What are anal warts?
Anal warts (also called "condyloma acuminata") are a condition that affects the area around and inside the anus. They may also affect the skin of the genital area. They first appear as tiny spots or growths, perhaps as small as the head of a pin, and may grow quite large and cover the entire anal area. Usually, they do not cause pain or discomfort to afflicted individuals and patients may be unaware that the warts are present. Some patients will experience symptoms, such as itching, bleeding, mucus discharge and/or a feeling of a lump or mass in the anal area.
What causes anal warts?
They are caused by the human papilloma virus (HPV), which is transmitted from person to person by direct contact. HPV is considered a sexually transmitted disease (STD). You do not have to have anal intercourse to develop anal warts.
Do anal warts always need to be removed?
Yes. If they are not removed, the warts usually grow larger and multiply. Left untreated, the warts may lead to an increased risk of cancer in the affected area.
What treatments are available?
If warts are very small and are located only on the skin around the anus, they may be treated with a topical medication. They may also be treated by freezing the warts with liquid nitrogen or removed surgically. Surgery typically involves cutting or burning the warts off. While this provides immediate results, it must be performed using either a local anesthetic - such as novocaine - or a general or spinal anesthetic, depending on the number and exact location of warts being treated. It is important that an internal anal examination with an instrument called an anoscope be done by your treating physician to ensure you do not have any inside the anal canal (internal anal warts). Internal anal warts may not be as suitable for treatment by topical medications, and may need to be treated surgically. Additionally, your physician may wish to examine the entire pelvic region to include the vaginal or penile area to look for other warts that may require treatment.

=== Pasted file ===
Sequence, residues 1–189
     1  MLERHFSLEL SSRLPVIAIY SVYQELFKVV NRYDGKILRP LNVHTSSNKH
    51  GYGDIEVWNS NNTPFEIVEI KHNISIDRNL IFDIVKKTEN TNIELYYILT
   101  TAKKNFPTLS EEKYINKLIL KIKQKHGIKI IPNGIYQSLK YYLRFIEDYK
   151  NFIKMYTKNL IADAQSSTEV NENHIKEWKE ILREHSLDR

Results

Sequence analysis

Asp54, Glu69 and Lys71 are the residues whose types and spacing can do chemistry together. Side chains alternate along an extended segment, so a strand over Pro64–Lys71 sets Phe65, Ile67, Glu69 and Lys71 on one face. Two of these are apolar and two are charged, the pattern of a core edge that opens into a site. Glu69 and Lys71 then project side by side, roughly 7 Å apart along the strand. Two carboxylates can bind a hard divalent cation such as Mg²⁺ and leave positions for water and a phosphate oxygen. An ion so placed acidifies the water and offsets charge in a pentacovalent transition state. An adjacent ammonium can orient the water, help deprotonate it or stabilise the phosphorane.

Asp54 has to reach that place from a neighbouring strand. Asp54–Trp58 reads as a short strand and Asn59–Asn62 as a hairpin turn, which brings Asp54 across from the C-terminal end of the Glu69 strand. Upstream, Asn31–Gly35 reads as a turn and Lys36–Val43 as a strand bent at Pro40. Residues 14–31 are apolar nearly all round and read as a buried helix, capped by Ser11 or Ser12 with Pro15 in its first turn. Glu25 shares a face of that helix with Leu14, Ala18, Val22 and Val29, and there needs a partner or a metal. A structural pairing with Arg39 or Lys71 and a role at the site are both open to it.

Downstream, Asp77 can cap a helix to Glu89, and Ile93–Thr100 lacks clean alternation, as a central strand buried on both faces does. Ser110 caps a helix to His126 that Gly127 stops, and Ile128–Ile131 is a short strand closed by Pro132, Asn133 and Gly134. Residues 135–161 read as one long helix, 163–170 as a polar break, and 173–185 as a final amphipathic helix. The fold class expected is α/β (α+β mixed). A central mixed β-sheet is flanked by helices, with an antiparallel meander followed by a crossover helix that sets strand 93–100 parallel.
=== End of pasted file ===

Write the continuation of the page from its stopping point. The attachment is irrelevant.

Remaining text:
Must I be hospitalized for surgical treatment?
Surgical treatment of anal warts is usually performed as outpatient surgery.
How much time will I lose from work after surgical treatment?
Most people are moderately uncomfortable for a few days after treatment and pain medication may be prescribed. Depending on the extent of the disease, some people return to work the next day, while others may remain out of work for several days to weeks.
Will a single treatment cure the problem?
When warts are extensive, your surgeon may wish to perform the surgery in stages. Additionally, recurrent warts are common. The virus that causes the warts can live concealed in tissues that appear normal for several months before another wart develops. As new warts develop, they usually can be treated in the physician's office. Sometimes new warts develop so rapidly that office treatment would be quite uncomfortable. In these situations, a second and, occasionally, third outpatient surgical visit may be recommended.
How long is treatment usually continued?
Follow-up visits are necessary at frequent intervals for several months after all warts appear to be gone, to be certain that no new warts occur.
What can be done to avoid getting these warts again?
In some cases, warts may recur repeatedly after successful removal, since the virus that causes the warts often persists in a dormant state in body tissues. Discuss with your physician how often you should be evaluated for recurrent warts. Abstain from sexual contact with individuals who have anal (or genital) warts. Since many individuals may be unaware that they suffer from this condition, sexual abstinence, condom protection or limiting sexual contact to single partner will reduce your potential exposure to the contagious virus that causes these warts. As a precaution, sexual partners ought to be checked for warts and other sexual transmitted diseases, even if they have no symptoms.
What is a colon and rectal surgeon?
Colon and rectal surgeons are experts in the surgical and non-surgical treatment of diseases of the colon, rectum and anus. They have completed advanced surgical training in the treatment of these diseases as well as full general surgical training. Board-certified colon and rectal surgeons complete residencies in general surgery and colon and rectal surgery, and pass intensive examinations conducted by the American Board of Surgery and the American Board of Colon and Rectal Surgery. They are well-versed in the treatment of both benign and malignant diseases of the colon, rectum and anus and are able to perform routine screening examinations and surgically treat conditions if indicated to do so.
author: Jennifer Lowney, MD, FASCRS, on behalf of the ASCRS Public Relations Committee
© 2012 American Society of